1. Changes current law to permit insurance companies to offer a discount to drivers who have continuously maintained their auto insurance coverage, even if they change their insurance company, and notwithstanding the ban on using the absence of prior insurance for purposes of pricing.
  2. Will allow insurance companies to increase cost of insurance to drivers who do not have a history of continuous insurance coverage.
  3. Establishes that lapses in coverage due to nonpayment of premiums may prevent a driver from qualifying for the discount.
Summary of Legislative Analystís Estimate of Net State and Local Government Fiscal Impact:
  • Probably no significant fiscal effect on state insurance premium tax revenues.

First off, we have the title. Based on my analysis, the new law does nothing to change the basic ability of insurers to base their prices upon a driver's history of insurance coverage. Technically, the new law makes the allowance, but that is only because the old law will not exist anymore. The proposition itself, however, does not have this effect. (Insurers will apparently be able to base their rates on continuous coverage whether this proposition passes or not.)

Now to the first listed "effect". The current law already allowed continuous coverage discounts "notwithstanding the ban". In fact, the old verbage was an exception directly attached to the ban. What Proposition 17 does is strike the exception to the ban and rewrite it in a separate portion of the code.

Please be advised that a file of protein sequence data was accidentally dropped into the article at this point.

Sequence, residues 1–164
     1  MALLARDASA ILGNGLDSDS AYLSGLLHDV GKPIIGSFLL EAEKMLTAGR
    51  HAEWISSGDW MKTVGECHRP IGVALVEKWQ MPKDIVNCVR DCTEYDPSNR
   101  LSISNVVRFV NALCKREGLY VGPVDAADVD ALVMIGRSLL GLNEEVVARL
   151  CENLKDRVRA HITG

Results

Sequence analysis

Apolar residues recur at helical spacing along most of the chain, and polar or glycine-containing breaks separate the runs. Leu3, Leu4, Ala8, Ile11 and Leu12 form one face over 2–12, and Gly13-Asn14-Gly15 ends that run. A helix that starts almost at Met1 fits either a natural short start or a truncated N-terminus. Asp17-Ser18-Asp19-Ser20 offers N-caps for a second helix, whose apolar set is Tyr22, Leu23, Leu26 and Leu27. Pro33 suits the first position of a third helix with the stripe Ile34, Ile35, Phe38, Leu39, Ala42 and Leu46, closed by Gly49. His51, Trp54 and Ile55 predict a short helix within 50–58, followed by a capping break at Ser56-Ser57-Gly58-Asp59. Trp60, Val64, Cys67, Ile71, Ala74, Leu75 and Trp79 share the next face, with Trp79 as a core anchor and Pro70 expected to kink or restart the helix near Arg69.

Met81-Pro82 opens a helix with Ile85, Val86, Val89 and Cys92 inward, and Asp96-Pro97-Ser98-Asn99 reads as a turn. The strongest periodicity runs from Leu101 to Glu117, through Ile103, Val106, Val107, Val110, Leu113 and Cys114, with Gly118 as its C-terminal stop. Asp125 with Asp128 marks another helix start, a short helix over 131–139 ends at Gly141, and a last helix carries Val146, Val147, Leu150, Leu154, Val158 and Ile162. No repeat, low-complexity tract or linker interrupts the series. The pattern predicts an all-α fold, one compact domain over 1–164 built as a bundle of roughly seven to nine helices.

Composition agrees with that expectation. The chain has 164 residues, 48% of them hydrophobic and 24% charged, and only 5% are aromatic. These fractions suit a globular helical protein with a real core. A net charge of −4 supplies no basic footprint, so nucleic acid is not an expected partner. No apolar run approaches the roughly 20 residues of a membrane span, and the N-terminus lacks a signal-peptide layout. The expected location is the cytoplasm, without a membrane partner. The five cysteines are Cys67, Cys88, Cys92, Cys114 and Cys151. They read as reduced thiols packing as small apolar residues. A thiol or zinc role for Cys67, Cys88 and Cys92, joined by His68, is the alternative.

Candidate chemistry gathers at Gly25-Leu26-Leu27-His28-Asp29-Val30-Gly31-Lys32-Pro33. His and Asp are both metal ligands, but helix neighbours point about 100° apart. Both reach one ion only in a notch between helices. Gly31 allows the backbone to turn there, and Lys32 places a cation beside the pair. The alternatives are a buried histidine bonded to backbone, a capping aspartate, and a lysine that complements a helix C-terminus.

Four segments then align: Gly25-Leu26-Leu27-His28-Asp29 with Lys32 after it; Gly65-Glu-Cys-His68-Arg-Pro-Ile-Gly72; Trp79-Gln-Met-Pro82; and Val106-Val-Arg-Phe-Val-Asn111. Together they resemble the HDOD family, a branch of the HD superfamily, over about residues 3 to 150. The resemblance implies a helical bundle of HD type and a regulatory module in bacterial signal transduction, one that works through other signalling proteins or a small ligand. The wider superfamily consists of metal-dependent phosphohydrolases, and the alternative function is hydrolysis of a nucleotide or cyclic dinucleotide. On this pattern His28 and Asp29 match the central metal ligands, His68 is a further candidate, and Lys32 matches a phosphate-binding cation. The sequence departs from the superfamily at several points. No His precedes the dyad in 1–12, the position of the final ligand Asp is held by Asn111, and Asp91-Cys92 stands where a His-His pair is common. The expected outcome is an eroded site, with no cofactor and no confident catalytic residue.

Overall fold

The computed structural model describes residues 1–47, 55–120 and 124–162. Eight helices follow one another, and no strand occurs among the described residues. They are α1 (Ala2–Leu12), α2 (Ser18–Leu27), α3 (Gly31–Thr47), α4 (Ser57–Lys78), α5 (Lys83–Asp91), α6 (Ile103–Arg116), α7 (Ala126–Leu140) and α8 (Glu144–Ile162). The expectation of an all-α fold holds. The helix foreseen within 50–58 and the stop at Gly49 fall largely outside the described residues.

The second listed effect is interesting. It is not at all clear, in comparison with the old law, that there is anything more going on here than the same old continuous coverage rating factor, which, of course, would lead to drivers without continuous coverage being charged more. It appears that the Attorney General is once again analyzing the effect as if the old law didn't exist to begin with.

The third point, along with the fiscal analysis, seem to be the only valid points made.

Overall, it seems to me that the Attorney General is trying to bias voters to support this proposition, which makes me want to do the opposite.